#OwnVoices and trauma are mutually exclusive. It is important to showcase educational materials that include depictions of marginalized groups that are as authentic and versatile as humanity’s existence at large—especially in regard to children’s literature and YA. #BlackGirlMagic; #BlackBoyJoy and #ForTheCulture are all affirming, trending hashtags for a reason. This reading list of books to celebrate Black joy is the perfect opportunity to help kids (from toddlers through teens) take a deeper dive into these concepts. Use the list in your summer school programming and the upcoming academic year.
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Vivid drawings and photographs are an ideal combo in this picture book about an infant’s daily routine.
A kindergartner has BIG dreams for what he will accomplish on his first day of school.
A lost nightcap must be recovered before a little girl can finally say goodnight to her family.
Mom’s day off is always special, even when a full day of fun doesn’t quite go as planned.
One boy must embark on an unusual quest to save his grandmother from a mischievous octopus.
Living in an apartment building has its perks—like being able to play a rambunctious round of hide-and-seek just before bedtime.
A little girl learns to embrace the beauty of her skin color.
Cooking Haitian food becomes a storytelling feast in this delightful narrative based on familial traditions native to the island.
A whimsical homage to the pleasure of natural Afro-Caribbean hairstyles.
Parker Looks Up by Parker Curry & Jessica Curry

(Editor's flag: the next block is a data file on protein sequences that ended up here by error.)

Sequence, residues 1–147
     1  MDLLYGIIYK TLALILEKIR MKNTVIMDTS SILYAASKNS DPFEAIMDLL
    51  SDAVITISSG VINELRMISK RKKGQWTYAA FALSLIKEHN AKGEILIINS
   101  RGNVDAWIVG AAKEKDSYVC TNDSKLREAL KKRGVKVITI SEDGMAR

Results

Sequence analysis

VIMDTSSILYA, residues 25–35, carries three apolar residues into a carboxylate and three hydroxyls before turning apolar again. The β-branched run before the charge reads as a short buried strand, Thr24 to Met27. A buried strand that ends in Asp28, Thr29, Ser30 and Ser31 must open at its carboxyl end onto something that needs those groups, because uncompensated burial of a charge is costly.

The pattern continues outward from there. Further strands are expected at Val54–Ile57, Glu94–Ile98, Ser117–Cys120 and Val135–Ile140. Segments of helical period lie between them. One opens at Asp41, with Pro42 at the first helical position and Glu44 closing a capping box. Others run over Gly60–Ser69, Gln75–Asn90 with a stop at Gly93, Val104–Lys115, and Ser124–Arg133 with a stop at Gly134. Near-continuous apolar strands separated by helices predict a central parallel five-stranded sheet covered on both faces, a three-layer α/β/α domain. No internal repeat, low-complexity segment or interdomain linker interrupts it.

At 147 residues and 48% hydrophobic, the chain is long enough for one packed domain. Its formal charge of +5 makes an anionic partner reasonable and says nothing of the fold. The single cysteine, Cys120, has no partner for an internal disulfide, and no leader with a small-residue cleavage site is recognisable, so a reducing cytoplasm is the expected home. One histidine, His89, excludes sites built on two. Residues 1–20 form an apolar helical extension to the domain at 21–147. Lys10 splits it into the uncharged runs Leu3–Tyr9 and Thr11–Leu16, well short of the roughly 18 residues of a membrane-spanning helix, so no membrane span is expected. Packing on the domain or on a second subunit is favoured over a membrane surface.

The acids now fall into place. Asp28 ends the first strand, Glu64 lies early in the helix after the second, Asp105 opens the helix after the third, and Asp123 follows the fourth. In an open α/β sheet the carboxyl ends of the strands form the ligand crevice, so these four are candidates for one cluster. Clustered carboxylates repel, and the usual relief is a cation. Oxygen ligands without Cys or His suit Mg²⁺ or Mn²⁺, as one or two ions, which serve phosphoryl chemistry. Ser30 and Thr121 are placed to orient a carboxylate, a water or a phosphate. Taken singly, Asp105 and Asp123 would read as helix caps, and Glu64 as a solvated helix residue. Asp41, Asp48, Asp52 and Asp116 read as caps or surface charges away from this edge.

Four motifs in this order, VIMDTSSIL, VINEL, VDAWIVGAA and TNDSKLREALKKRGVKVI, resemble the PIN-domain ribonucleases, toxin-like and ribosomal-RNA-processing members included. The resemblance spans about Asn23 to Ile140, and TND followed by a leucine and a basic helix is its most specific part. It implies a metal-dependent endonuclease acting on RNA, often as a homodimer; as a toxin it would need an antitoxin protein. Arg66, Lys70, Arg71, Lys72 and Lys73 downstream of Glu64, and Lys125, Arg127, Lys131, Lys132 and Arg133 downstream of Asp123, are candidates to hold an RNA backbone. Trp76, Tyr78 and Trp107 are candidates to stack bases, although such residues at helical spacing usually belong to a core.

A visit to a museum expands a child’s perspective on what she has the capacity to do and become as she grows up thanks to seeing a stunning portrait of (former) First Lady Michelle Obama.
A crew of tweens set out to rig the next student council president election.
13 poems are illustrated by different artists in this ode to the positive moments a Black youth’s experiences in his usual schedule.
A shy girl decides to let her musical talents change in this heartwarming read.
Spending the summer with their grandparents turns into an effective learning curve for two brothers’ beginning to explore—and define—masculinity.
An extended visit with her father in Harlem turns out to be as captivating as the space and sci-fi adventures that Ebony-Grace adores.
Being shipped off to live with her cousin for the summer is not about to stop MaKayla from making it into a national double dutch competition.
Two kids must figure out how to prevent their town from being frozen in time on the last day of summer vacation.
One girl’s secret trip to a prestigious dance school audition turns into a wacky road trip with an attractive neighbor.
Helping another teen gain access to the voting booth was one challenge this clever protagonist did not see coming on election day.
Blackmailed into helping a classmate shed her awkward image, a popular Haitian teenager begins to accept it’s okay (and even fun) to be less than perfect.
Are we missing any of your favorite books that celebrate Black joy? Share in the comments below.